“We’re even, my dear. Guess today was my lucky day. Getting to talk to a pretty lady like you doesn’t happen often to an old fart like me.” He was already climbing back in his truck and waving. “Have a good evening!”
“Have a good evening,” I whispered, yanking my tote tightly to my chest before running up the steps and knocking quickly on the old door. Red paint was peeling and cracked, and one side of the trim was sagging and mismatched from the others.
“This doesn’t look charming at all…” I was about to cuss under my breath, figuring I’d been dropped off at the wrong place by the old guy whose name I hadn’t even caught, when the door swung wide and a stout little woman greeted me.
“Come in, dear. You’re just in the nick of time. Every county along the coast has lost power. I’ve got all the candles ready for when it hits us here.” Her plump red lips pursed as she lugged my bag into the cramped lobby.
“Oh, you have a nice fire in here. It’s so cozy.” My eyes dragged around the old room: shiplap walls belying the age of the house, Oriental rugs, and traditional New England trinkets decorated every available space.
“Oh, I’m afraid we don’t have any vacancy in the main lodge. I’ve booked you into the little one-room cabin we keep off the pub for emergencies. It used to be the sailor’s quarters when the coast was big into cargo shipments, but now it just goes unused most of the time.” She smiled warmly.
“I’m staying in the captain’s quarters?” I struggled to wrap my head around it. “As long as there’s a bed, I’ll be happy.”
“Yes, of course. There’s a single, and I just added fresh linens. Just follow me.” She waved me down a long hallway, snagging my bag as she went. The floor was uneven, and the heel of my boot caught in a crack. My tote bag was so heavy, I pitched forward and nearly landed head first into the little innkeeper’s backend, when strong arms shot out from a dark closet and righted me.
“You okay there?” The thickest Irish accent I’d ever heard rumbled through my veins.
I shifted, swallowing and trying to gain my balance with the grasp of two hands holding me at my elbows.
I strained to see in the darkness, only the smell of smoky peat and clove with a hint of barley invaded my nostrils. “Th-Thank you.”
“Anytime, love.” His accent was rich, deep, and vibrated through my bones.
“Come on, dear. Watch your step. These old cobblestones can be gnarly.” The little stout woman had pushed open a door, and the sounds of lively Irish music burst through as laughter and cheering hit my ears.
“Don’t mind them. They’re watching the football game—or soccer, as you Americans say. It’s almost over, and things will quiet down enough for you to sleep, I swear.”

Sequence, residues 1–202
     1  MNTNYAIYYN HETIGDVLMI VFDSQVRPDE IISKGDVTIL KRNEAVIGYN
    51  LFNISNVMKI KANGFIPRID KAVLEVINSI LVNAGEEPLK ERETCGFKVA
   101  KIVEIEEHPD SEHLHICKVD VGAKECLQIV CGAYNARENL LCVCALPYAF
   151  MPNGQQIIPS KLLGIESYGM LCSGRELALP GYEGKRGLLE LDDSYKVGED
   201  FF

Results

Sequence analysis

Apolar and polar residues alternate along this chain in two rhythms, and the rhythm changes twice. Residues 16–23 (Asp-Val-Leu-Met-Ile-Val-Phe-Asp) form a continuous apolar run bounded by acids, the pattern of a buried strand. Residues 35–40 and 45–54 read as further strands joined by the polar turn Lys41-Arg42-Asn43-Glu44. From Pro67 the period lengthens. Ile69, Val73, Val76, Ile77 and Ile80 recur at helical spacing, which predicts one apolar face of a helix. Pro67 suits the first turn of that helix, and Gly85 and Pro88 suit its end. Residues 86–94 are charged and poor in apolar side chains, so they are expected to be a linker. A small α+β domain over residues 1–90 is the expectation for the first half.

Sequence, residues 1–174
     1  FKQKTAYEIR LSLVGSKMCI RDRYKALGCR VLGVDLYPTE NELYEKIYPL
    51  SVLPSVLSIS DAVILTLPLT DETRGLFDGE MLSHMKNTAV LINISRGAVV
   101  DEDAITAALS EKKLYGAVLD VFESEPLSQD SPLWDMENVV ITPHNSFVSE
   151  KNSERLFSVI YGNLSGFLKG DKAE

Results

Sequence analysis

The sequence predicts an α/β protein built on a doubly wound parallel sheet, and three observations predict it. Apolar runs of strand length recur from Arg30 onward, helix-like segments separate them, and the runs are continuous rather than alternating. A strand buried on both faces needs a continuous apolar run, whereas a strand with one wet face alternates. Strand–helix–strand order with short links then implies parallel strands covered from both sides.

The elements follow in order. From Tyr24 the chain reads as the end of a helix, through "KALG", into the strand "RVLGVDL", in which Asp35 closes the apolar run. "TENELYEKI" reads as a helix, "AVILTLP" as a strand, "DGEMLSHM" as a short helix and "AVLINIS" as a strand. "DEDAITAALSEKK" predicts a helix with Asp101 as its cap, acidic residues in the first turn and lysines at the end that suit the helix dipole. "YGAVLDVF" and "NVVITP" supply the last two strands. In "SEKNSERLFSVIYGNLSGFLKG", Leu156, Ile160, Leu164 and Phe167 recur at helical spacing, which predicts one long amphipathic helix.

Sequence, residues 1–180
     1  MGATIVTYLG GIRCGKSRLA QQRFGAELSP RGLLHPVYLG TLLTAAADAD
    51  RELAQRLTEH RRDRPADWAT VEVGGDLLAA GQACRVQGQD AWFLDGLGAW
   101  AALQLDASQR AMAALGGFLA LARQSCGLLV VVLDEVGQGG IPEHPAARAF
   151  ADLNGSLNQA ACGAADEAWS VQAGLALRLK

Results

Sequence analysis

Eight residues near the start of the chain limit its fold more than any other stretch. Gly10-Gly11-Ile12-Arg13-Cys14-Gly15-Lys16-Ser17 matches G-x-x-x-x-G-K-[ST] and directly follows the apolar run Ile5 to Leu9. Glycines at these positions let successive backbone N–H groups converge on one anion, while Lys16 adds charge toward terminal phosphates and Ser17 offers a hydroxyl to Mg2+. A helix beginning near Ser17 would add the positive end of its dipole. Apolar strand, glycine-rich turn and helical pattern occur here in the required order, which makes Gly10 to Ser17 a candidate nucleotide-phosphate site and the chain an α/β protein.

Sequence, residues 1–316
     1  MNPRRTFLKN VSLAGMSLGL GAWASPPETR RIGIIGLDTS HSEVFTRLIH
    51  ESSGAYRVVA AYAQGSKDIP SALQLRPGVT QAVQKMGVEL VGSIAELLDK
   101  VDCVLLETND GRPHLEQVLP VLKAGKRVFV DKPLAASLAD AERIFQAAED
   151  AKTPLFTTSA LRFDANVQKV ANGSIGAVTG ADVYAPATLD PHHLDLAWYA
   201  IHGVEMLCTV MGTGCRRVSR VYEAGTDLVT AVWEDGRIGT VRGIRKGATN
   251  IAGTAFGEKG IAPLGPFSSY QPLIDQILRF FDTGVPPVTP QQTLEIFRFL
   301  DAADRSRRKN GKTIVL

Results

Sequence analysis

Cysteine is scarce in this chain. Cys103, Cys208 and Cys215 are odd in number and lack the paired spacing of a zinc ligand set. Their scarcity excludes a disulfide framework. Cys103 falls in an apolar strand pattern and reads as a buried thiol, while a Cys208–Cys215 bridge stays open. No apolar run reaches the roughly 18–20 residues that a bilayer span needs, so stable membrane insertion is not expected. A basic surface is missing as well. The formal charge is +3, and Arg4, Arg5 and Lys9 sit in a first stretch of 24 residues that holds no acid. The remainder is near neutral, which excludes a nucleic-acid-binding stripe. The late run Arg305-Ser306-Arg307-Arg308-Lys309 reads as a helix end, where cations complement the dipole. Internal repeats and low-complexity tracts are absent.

The hands released me then, and I spun just in time to catch the door swinging closed, only catching a glimpse of broad shoulders disappearing into what looked like a storage closet.
“Those boots hard to walk in?” The woman pointed to my footwear, a pair of vintage Chanel boots with a low heel. “They wouldn’t fly around here. Too much rain on the coast. Ya know, if you blink, the weather—”
“Changes,” I finished the saying for her, eyes casting around the bar. Only half a dozen guys sat, eyes glued to the television. They’d sounded like an entire Viking football team just a minute ago, but now they were so riveted, listening to the announcer, they were as quiet as church mice.
That changed in an instant when, by the time we’d crossed the room, a player broke out from the pack and began kicking the soccer ball across the field. The goalie blocked the shot, and the men jumped to their feet, hooting and hollering again.
“The captain’s quarters—do they come with ear plugs by chance?” I half joked. I don’t think she heard me. She only climbed a few stone steps and opened another wood door that led into a very tiny, very dark space.
She flicked on a dim light, and I had to prevent tears from forming in my eyes. Only a single bed sat in the corner, and dust and cobwebs gathered at the baseboards, but the linens were fresh, and she’d gone to the trouble of setting out a fuzzy bathrobe and slippers. I forced a smile on my face and set my bag down.
“Thank you,” I breathed, busying myself so she couldn’t see the disappointment radiating in my eyes. I’d get through this. I’d slept in some weird places in my life, especially in college. I just had to get through this storm, get back to Boston, and before I knew it, I’d be back in LA—latte in hand and sunshine on my face.